In the last six or seven months, I’ve heard a lot of talk about the importance of the arts. Maybe you have, too. In certain circles, it’s become a sort of refrain: we need the arts more than ever.
In my experience, this has not been—in any obvious or immediate way—the case. Lately I’ve been watching a lot of news. My taste for fiction has narrowed. I’m more impatient. A certain kind of story went stale for me last November. When I read a contemporary writer, I want to be spoken to honestly and intelligently about the times we live in.
I realize this is not a new complaint. As luck had it, my colleagues and I spent the election deep in the Paris Review archive. We were revamping our website, and it meant rereading and sorting through all our back issues, hundreds of stories and interviews, thousands of poems, many written in times of upheaval. The more I read, the more I saw them reflect the politics of their time.
Like my colleagues, I knew the manifesto written by William Styron for our first issue, in 1953, where he proclaimed that the Review would not be a magazine for factions, for drumbeaters, for propaganda; that it would honor writing for its own sake, that it would never become a political magazine.
I also knew that the men and women who started the Review were by no means “apolitical” people. Peter Matthiessen, who worked for the CIA as a young man, later became a leader of the environmental movement. Rose Styron helped found Amnesty International. Robert Silvers cofounded The New York Review of Books, where his journalistic engagement altered the course of two wars and touched on every intellectual debate of the past half century. George Plimpton, when he was editor of the Review, took time off to campaign for Robert Kennedy. He was there in Los Angeles when Kennedy was shot. He took the gun from the killer’s hand.
And yet the only time George (or any other editor) waded into political discussions in the pages of the Review, it was to deplore a lack of government funding for the arts or to protest a stricture on free speech. When the NEA instituted rules against obscenity, George turned down their money, because he believed in the freedom of this space: the aesthetic space.
I’d understood this balance, between politics and art, since I took the job of editor seven years ago. At least, I thought I had.
But what I learned last November, during those nights in the archive, is that this aestheticism, this refusal to engage in arguments over the news of the day, left The Paris Review open to political and cultural crises for which the country did not yet have a name. To the queerness of the Beats, the New York School, and the Factory. To the early feminist writings of Denise Levertov, Alice Notley, and Adrienne Rich. To the fire of LeRoi Jones/Amiri Baraka, to the dazzling absurdities of Harry Mathews, and, many decades later, to the deep satire of David Foster Wallace. To the political unconscious at its most fertile.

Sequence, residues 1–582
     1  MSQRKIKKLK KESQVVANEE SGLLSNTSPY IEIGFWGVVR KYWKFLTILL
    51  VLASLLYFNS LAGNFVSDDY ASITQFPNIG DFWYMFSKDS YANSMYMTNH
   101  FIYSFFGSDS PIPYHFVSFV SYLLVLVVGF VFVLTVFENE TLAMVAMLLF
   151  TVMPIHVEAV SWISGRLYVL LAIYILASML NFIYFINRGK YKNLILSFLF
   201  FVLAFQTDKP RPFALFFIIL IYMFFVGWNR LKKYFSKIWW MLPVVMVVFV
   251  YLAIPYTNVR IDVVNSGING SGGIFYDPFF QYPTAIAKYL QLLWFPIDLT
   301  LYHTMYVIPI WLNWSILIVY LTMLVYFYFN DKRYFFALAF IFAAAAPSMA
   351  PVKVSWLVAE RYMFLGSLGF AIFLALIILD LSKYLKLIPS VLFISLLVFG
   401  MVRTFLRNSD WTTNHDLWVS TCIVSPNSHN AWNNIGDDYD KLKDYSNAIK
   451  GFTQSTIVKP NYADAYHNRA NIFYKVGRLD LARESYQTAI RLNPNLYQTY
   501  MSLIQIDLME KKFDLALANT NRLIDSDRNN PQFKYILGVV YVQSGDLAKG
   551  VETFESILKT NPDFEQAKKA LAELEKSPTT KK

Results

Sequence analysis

I hope the same is true in our new issue.
Our interviews are with the Scottish novelist Ali Smith and the American writer Percival Everett. We have short stories by Anne Carson, Caleb Crain, Julie Orringer, and the Nobel laureate Patrick Modiano. We have never published Modiano before. This vignette attracted me, I think, partly because it’s a story about a big news day—a catastrophic news day—in the lives of people who just want to make a movie. Modiano shows how even an invasion can unfold on the scale of a missing handbag or a hat that gets blown off in the wind.
This issue includes fiction by two new authors: In Chris Knapp’s “State of Emergency,” a young expatriate writer falls into an imaginary conversation with Zadie Smith—and becomes a tour guide to his own life—after he catches sight of her reading in a Paris café. In J. M. Holmes’s “What’s Wrong With You? What’s Wrong With Me?” locker-room talk turns into a painful discussion about sex and race.
We also have paintings by Hurvin Anderson; a lost 148-volume diary returned (with helpful edits) to its author; new poems by Eileen Myles, Ben Lerner, and Frederick Seidel, among others; and one very old poem in a new translation. During the events of last week, when I stopped watching the news, I found myself going back again and again to the first lines of Emily Wilson’s new version of the Odyssey as a reminder of what lasts, of what can be remade:
Tell me about a complicated man.
Muse, tell me how he wandered and was lost
when he had wrecked the holy town of Troy,
and where he went, and who he met, the pain
he suffered in the storms at sea, and how
he worked to save his life and bring his men
back home. He failed to keep them safe; poor fools,
they ate the Sun God’s cattle, and the god
kept them from home. Now goddess, child of Zeus,
tell the old story for our modern times.
Find the beginning …
I hope you enjoy this Summer issue, and that you will support the Review—and receive a whole year of the best new writing—by becoming a subscriber.